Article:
“This is to you, Daniel Cameron,’’ she says to the camera. “To tell a 12-year-old girl she must have the baby of her stepfather who raped her is unthinkable.”


Cameron had at times indicated support for adding exceptions for rape and incest to the state’s abortion ban. Trey Grayson, a Republican and former Kentucky secretary of state, said Cameron’s policy shift showed that abortion had become a factor in the election, as did the fact that Beshear highlighted the issue. “In the past, Democrats didn’t talk much about abortion,” he said.


Since the U.S. Supreme Court overturned Roe v. Wade last June, abortion-rights groups have scored a string of victories in states as wide-ranging as Kansas, Kentucky, Michigan and Wisconsin. The issue also helped bolster Democratic fortunes in last year’s midterm elections in gubernatorial races in Arizona and Michigan, where abortion was a central point of division between the candidates, as well as in congressional races.


The victory in Ohio is likely to create new momentum behind efforts to put abortion rights on the ballot in 2024 in states including Arizona, Florida, Nevada and Nebraska. That could help boost turnout by Democratic voters in places that could be key battlegrounds in the presidential election and other races.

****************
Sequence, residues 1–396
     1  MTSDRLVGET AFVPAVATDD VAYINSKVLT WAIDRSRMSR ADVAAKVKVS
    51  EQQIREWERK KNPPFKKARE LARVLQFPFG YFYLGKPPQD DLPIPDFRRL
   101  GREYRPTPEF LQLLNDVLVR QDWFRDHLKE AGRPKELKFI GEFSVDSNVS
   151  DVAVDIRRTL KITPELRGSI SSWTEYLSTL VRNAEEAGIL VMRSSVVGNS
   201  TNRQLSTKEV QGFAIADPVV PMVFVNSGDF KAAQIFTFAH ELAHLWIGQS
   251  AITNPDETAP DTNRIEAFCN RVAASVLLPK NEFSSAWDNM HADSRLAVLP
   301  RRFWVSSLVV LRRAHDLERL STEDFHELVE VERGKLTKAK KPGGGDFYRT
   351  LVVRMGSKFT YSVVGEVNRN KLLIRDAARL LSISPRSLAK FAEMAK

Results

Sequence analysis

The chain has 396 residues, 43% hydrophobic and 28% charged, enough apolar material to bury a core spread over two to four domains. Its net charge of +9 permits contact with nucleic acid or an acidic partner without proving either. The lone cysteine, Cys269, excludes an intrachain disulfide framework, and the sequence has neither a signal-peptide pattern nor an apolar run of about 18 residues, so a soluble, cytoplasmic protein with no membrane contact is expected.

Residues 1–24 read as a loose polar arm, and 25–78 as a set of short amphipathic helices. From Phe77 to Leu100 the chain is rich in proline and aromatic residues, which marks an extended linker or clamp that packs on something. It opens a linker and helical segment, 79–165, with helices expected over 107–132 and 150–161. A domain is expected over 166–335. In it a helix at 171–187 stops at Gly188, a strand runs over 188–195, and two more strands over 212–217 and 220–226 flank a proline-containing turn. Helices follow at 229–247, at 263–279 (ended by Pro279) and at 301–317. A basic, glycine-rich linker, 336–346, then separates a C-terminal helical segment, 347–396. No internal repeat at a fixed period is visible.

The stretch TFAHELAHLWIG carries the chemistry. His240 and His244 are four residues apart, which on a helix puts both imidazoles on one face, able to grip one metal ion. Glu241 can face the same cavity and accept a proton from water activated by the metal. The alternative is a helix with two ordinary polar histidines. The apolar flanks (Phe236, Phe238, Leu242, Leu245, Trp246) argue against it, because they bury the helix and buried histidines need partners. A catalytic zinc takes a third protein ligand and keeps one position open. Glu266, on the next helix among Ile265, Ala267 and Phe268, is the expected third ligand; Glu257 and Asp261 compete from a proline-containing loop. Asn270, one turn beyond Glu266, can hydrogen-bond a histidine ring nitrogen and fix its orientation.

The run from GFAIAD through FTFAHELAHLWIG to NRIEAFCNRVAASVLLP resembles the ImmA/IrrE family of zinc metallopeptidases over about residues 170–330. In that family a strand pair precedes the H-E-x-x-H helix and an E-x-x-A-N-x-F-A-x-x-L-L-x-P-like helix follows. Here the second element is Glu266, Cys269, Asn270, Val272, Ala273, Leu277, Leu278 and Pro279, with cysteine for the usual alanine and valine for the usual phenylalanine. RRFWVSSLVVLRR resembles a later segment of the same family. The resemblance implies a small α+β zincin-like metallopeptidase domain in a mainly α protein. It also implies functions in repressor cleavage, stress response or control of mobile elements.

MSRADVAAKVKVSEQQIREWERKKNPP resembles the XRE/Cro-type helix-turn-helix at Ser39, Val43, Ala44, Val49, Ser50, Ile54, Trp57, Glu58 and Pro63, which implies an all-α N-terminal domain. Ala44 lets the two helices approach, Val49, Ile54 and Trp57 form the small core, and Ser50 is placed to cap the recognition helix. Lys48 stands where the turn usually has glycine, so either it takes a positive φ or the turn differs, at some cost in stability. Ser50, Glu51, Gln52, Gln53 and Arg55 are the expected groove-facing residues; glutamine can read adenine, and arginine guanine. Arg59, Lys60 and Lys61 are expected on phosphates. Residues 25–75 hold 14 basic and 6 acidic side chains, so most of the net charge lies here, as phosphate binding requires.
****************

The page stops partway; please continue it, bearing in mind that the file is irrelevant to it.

The two parties will look for clues in Tuesday’s results for how abortion might affect the 2024 presidential race.


The results from some states suggested that voters in upper-income suburbs outside big cities, who often lean Republican, are eager to support abortion rights.


In Ohio, for example, close to 60% of voters in Delaware County, just outside Columbus, backed the constitutional amendment protecting abortion rights—substantially more than the 53% who backed Trump in 2020.



Mike Madrid, a Republican political consultant based in California, said that many of these voters, particularly women, were leaving the GOP.


“The tendency of college-educated, suburban Republican women to vote Democratic is now more likely than less likely,” he said. “Not all of them, but significant numbers. There is a very critical part of the Republican coalition that appears to be leaving permanently on cultural issues.”